Filed under: Articles | Tags: clean and sustainable technolgies, experimental power station, norway, osmotic power, osmotic pressure, statkraft
Norway’s state owned power company Statkraft has announced the opening of the world’s first experimental power station powered by osmotic pressure.
Energy is provided by the pressure created when salt water is placed next to fresh water and joined by an osmotic filter. There is a strong tendency for fresh water to dilute the salt water, and this ‘osmotic pressure’ is equivalent to 120 metres of water head pressure, which would be a useful sized hydroelectric plant. Osmotic power is the opposite of reverse osmosis desalination, which relies on high pressure and energy intensive pumps to force water from a salt water to a fresh water source.
The biggest challenge has been to develop osmotic filters that can withstand this head pressure, but researchers have developed a polymer composition to meet these requirements.
Would this work in Australia once it is at commercial scale? This would require a good supply of fresh water next to sea water, i.e a river mouth. One advantage of this power supply is rivers flow 24/7, with the unfortunate exception of the Murray River.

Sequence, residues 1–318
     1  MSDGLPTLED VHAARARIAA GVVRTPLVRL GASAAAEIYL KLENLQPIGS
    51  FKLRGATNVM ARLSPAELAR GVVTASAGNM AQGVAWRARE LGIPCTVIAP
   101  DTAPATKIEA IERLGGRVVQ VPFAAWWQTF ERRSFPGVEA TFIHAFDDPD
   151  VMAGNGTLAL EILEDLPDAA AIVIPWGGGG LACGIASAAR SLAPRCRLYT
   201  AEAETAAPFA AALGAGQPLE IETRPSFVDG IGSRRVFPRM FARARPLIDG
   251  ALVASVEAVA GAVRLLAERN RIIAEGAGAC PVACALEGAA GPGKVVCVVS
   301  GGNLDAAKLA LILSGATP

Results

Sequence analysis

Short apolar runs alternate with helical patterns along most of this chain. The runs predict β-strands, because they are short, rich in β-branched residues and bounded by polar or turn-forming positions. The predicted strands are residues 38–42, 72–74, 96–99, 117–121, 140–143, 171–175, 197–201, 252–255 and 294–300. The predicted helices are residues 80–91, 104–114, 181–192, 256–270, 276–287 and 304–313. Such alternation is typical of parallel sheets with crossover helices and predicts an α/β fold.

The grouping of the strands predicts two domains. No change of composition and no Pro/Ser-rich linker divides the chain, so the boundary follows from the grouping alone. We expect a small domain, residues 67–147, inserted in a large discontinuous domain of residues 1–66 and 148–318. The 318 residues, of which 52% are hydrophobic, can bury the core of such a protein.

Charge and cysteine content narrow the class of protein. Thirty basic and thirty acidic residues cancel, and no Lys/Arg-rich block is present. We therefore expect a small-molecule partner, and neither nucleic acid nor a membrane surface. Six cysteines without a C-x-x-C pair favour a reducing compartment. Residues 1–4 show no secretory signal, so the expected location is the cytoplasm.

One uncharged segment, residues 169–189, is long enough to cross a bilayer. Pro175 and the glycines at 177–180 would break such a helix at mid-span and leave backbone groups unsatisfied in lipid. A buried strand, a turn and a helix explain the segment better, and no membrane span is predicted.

Filed under: Articles | Tags: cleantech, climate change debate, emission trading scheme, energy, nuclear, nuclear power, Professor Barry Brook
Some of the politicians in the current debate about the emission trading scheme have raised the topic of nuclear power as a possible source of low carbon power.
Nuclear power is a proven technology, and in France provides 80% of electricity used at the lowest power prices in Europe. Nuclear power has its share of Australian supporters, such as Professor Barry Brook, Sir Hubert Wilkins Professor of Climate Change at the University of Adelaide’s Environment Institute. While in Australia even talk of a nuclear power plant is anathema to local politicians, in France local municipalities compete to get a nuclear power plant due its ability to generate high technology jobs and lower regional taxes. Australia has enough nuclear reserves to last for many years, and improvements in nuclear technology may further extend the usable life of our reserves